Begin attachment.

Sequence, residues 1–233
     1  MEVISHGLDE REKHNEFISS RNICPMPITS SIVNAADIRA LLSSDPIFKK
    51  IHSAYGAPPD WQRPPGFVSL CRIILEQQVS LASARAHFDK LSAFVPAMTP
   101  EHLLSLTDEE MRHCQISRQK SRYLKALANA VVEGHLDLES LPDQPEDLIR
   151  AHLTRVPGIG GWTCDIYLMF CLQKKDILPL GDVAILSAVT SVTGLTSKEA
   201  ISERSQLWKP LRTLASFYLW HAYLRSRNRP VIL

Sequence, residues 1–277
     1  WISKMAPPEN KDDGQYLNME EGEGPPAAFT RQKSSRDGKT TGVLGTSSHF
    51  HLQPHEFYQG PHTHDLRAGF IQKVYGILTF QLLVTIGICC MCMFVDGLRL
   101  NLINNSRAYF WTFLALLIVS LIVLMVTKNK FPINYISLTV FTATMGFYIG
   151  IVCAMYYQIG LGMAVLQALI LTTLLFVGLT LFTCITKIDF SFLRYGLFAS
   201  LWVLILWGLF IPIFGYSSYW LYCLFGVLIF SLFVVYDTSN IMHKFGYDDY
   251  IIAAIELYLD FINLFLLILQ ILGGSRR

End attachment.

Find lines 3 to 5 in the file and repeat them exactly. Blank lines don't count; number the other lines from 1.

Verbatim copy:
    51  IHSAYGAPPD WQRPPGFVSL CRIILEQQVS LASARAHFDK LSAFVPAMTP
   101  EHLLSLTDEE MRHCQISRQK SRYLKALANA VVEGHLDLES LPDQPEDLIR
   151  AHLTRVPGIG GWTCDIYLMF CLQKKDILPL GDVAILSAVT SVTGLTSKEA